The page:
14 Interesting Facts About Grand Teton Mountain

Covering under snow, surrounded by the Lake, River, and Plane, Grand Teton is the perfect place to wind down. The purplish-gray, jagged peaks of the Teton Range jut into the sky above the flat Snake River valley is the gorgeous Jackson Hole Valley. Grand Teton’s trails lead hikers and horseback riders through a forest of rustling aspens and past glassy Jenny Lake. Let us know some interesting facts about this beautiful Wyoming place, The Grand Teton:

Grand Teton Mountain from Jackson Hole Valley, Wyoming, USA
Grand Teton Mountain from Jackson Hole Valley, Wyoming, USA
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image: brushbucktours.com

1. The Disputed Name: “Grand Teton”

Grand Teton’s name was first recorded as Mount Hayden by the Washburn-Langford-Doane Expedition of 1870. But this name “Grand Teton” had early currency. Most people say that “Grand Teton” means “large teat” in French, named by either French-Canadian members of an expedition. While other historians disagree and claim that the mountain was named after the Teton Sioux tribe.
source: Wikipedia

2. Highest Point

Grand Teton Peak
Grand Teton Peak

Grand Teton, located at 13,775 feet (4,199 m) is the highest point of the Teton Range and the second highest peak in the U.S. state of Wyoming after Gannett Peak. The peak extends from southern Alaska to northern New Mexico.
source: britannica.com, image: shannontech.com

3. Controversial Ascent

There is a disagreement over who first climbed Grand Teton. Nathaniel P. Langford and James Stevenson claimed to have reached the summit on July 29, 1872. But, some people believe their description matches the summit of The Enclosure, a side peak of Grand Teton.
source: Wikipedia

4. Entire National Park Named After It!

Grand Teton National Park, Wyoming, USA
Grand Teton National Park, Wyoming, USA

Grand Teton is a classic alpine peak in itself to the point that an entire national park was named after it. Climbers have been drawn to “The Grand” for over 100 years and continue to make pilgrimages from all over the world. Grand Teton is the highest mountain in this national park.
source: summitpost.org, image: yellowstonerv.com

5. Early Inhabitants

Native Americans
Native Americans

Many evidence suggests that the Grand Teton area was first inhabited by the Native Americans, some 11,000 years ago. Mainly, those people were hunters and food gatherers.
source: enjoyyourparks.com, image: offthegridnews.com

6. Only 10 Million Years Old!

The Tetons are a relatively young 10 million years old. The peaks have been pushed up over time as Jackson Hole has sunk, thanks to the Teton fault, which runs along the eastern edge of the range.
source: climbing.com

7. “The Three Beasts”

French trappers are responsible for naming the three peaks now known as the South, Middle, and Grand Teton. They called the mountains “Les Trios Tetons,” or “The Three Breasts.” The Grand Teton—the tallest of the three—literally means “the big tit.”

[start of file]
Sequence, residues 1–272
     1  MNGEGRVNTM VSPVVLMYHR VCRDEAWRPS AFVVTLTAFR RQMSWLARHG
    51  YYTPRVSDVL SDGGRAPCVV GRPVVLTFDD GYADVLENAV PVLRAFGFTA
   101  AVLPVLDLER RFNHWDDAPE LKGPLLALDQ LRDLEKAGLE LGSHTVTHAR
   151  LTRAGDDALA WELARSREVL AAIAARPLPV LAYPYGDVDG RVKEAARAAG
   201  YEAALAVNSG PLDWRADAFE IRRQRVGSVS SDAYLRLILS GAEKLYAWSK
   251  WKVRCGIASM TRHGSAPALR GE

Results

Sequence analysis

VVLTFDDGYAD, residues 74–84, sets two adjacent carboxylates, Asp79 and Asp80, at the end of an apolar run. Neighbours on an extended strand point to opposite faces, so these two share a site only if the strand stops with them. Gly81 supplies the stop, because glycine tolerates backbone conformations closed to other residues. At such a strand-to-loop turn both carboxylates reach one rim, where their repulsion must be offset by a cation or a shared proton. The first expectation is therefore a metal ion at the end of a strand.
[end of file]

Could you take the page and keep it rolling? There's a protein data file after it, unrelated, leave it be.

source: climbing.com

8. The Grand Teton Glacier

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Grand Teton Glaciers, Wyoming, USA
Grand Teton Glaciers, Wyoming, USA

The largest of the glaciers is Teton Glacier, found on the north side of the Grand Teton peak. Apart from that, other glaciers that are found in the Grand Tetons Park are glaciers include Schoolroom, Triple, Falling Ice, and Skillet.
source: mentalfloss.com, image: davidtosch.com

9. First Ski Descent

Bill Briggs skiing down the Mountain
Bill Briggs skiing down the Mountain

Bill Briggs made the first ski descent of the Grand on June 15, 1971, igniting the sport of ski mountaineering in North America. Since Briggs’s descent, the Grand has been skied via at least three different routes.
source: climbing.com, image: powder.com

10. No Climbing Experience Required

If you are not trained to climb the mountains, its ok.  People can climb this mountain easily. The premier Grand Teton experience combines training, acclimatizing, camping, and climbing the Grand during four memorable days and three nights. You need have a prior climbing experience.
source: jhmg.com

11. A Filming Location

Filming in Jackson Hole
Filming in Jackson Hole

Jackson Hole and the Tetons have been the setting for a number of films, including John Wayne’s movie acting debut in The Big Trail in 1930 and the western film classic, Shane in 1953.
source: Wikipedia, image: jacksonhole-traveler-production.s3.amazonaws.com

12. Made Up Of Gneiss!

The Teton Range including the Grand Teton is largely made up of extremely old Precambrian metamorphic rocks known as gneiss. Years ago magma cracked through the gneiss, forming granite after cooling down.
source: climbing.com

13. Agile Pronghorn

Pronghorn, fastest Mammal in Western Hemisphere, running in the Wild
Pronghorn, the fastest Mammal in Western Hemisphere, running in the Wild

Pronghorns are known to reside in the Grand Teton Park. As the fastest land mammal in the western hemisphere, they are capable of reaching speeds up to 70 mph.
source: mentalfloss.com, image: 3.bp.blogspot.com

14. Overlook A Snake!

Sunrise overlooks the Snake River and Grand Teton Mountain
Sunrise overlooks the Snake River and Grand Teton Mountain

Snake River passes through Grand Teton National Park. It is a breathtaking view whether you have a camera in your hand or go there just to enjoy it!.
source: bestofthetetons.com, image: 2.bp.blogspot.com